Ventricular Arrhythmias Associated With Nonprescription Opioids
- Loperamide and mitragynine are associated with ventricular arrhythmias in North American reporting databases.
- Further investigation of cardiac risk of prescription opioid alternatives is needed to improve public health.
Are there signals of ventricular arrhythmias associated with nonprescription opioids in North American pharmacovigilance systems?
Reports on loperamide, diphenoxylate/atropine, and mitragynine were collected on the primary and secondary outcomes from 2015-2021 from the Food and Drug Administration Adverse Event Reporting System (FAERS), the Canadian Vigilance Adverse Reaction Online Database (CVAR), and the Center for Food Safety and Applied Nutrition Adverse Event Reporting System (CAERS). Methadone was used as a positive control while buprenorphine and naltrexone were used as negative controls. Adverse drug reactions were categorized using the Medical Dictionary for Regulatory Activities (MedDRA). The primary outcome was the MedDRA composite High-Level Term “ventricular arrhythmia and cardiac arrest,” and the secondary outcome was reports of “QTc prolongation and torsade de pointes.” The Proportionate Reporting Ratio (PRR) was used to detect signals of disproportionate reporting for arrhythmia events.
A total of 10,051,579 reports were analyzed from CVAR and FAERS. Mitragynine users were typically younger and more likely to be male compared to other drugs. Concurrent use of known QT-prolonging drugs ranged from 33-94%. Significant ventricular arrhythmia risk was found with mitragynine (PRR, 8.9; 95% CI, 6.7-11.7), methadone (PRR, 6.6; 95% CI, 6.2-7), and loperamide (PRR, 3.2; 95% CI, 3-3.4). Corresponding association with QTc prolongation/torsade de pointes was only found with methadone (PRR, 11.9; 95% CI, 11-12.9) and loperamide (PRR, 8.5; 95% CI, 7.9-9.1), but not for mitragynine given only two reports (PRR, 1.3). Of the 375 reports involving mitragynine in CAERS, 4.5% involved ventricular arrhythmia or cardiac arrest compared to 0.2% of all other cases (corresponding PRR, 17.1; p < 0.001). Buprenorphine, diphenoxylate, and naltrexone were not associated with an increased risk of the primary or secondary outcomes (PRR, <2).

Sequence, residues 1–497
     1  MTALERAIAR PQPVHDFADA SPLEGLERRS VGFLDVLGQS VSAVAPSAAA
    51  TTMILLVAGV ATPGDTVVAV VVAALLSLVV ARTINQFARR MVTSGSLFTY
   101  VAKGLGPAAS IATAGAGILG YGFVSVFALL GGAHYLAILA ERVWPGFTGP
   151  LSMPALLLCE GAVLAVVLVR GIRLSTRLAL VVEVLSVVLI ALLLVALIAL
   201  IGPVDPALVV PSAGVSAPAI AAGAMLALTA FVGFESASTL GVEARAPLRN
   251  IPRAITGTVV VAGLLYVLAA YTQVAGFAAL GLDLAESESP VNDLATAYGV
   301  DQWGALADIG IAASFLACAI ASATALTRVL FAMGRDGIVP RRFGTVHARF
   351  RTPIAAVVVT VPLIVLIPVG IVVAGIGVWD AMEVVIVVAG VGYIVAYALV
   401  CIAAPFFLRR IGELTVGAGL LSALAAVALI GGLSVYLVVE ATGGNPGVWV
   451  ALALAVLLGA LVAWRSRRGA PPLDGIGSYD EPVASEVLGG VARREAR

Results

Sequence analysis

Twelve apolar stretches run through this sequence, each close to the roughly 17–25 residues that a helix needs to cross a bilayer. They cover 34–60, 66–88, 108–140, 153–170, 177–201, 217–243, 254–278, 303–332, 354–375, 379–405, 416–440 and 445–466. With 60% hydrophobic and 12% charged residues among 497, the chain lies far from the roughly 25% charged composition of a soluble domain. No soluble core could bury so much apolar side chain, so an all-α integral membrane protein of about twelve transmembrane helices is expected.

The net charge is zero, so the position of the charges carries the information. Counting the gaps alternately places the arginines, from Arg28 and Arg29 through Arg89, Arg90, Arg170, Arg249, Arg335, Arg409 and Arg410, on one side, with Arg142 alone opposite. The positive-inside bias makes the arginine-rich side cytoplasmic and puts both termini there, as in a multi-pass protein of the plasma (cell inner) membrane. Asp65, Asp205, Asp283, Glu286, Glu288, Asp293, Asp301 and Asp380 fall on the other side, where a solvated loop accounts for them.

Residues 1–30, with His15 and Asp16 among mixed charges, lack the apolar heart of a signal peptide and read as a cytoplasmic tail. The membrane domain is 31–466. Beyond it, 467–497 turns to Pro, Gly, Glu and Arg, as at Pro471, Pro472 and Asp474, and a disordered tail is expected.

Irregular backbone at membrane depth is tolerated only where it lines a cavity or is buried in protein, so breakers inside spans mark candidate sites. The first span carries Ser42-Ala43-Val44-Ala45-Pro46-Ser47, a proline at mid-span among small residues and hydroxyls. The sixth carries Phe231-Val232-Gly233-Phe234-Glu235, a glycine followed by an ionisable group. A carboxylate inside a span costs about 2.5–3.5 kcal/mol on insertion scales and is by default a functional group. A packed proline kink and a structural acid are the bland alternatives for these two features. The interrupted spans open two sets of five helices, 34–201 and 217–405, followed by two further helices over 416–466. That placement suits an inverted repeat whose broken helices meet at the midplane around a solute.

The authors conclude that loperamide and mitragynine are associated with disproportionate reports of life-threatening ventricular arrhythmia in North America.
The shift of potential drugs of abuse from prescription opioids to more readily available over-the-counter and herbal products warrants pharmacovigilance for adverse cardiovascular effects. This study reviewed reports from the United States and Canada pharmacovigilance systems on nonprescription drugs with increasing reports of abuse including loperamide, mitragynine, and diphenoxylate. The study was limited due to reliance on voluntary reporting and confounders from concomitant drug ingestion ranging from known QTc-prolonging drugs to illicit substances. Significant risk signals for ventricular arrhythmia and cardiac arrest were found for loperamide and mitragynine. The pro-arrhythmic potential of nonprescription opioids may be linked to mechanisms other than the prototypical human-ether-a-gogo (hERG) channel blockade, particularly given the absence of corresponding signals of QT prolongation/torsade de pointes for mitragynine despite potential for hERG-inhibition.
Clinical Topics: Arrhythmias and Clinical EP, Cardiovascular Care Team, Congenital Heart Disease and Pediatric Cardiology, Prevention, Implantable Devices, Genetic Arrhythmic Conditions, SCD/Ventricular Arrhythmias, Atrial Fibrillation/Supraventricular Arrhythmias, Congenital Heart Disease, CHD and Pediatrics and Arrhythmias
Keywords: Analgesics, Opioid, Arrhythmias, Cardiac, Atropine Derivatives, Buprenorphine, Diphenoxylate, Drug-Related Side Effects and Adverse Reactions, Heart Arrest, Long QT Syndrome, Loperamide, Methadone, Naltrexone, Nonprescription Drugs, Patient Care Team, Pharmaceutical Preparations, Pharmacovigilance, Prescriptions, Primary Prevention, Torsades de Pointes
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